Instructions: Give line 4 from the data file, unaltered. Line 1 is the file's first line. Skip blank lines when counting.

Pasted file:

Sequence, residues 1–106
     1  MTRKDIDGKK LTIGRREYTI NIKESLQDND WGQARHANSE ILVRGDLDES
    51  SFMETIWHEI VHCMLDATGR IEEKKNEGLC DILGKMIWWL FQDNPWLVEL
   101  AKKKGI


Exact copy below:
   101  AKKKGI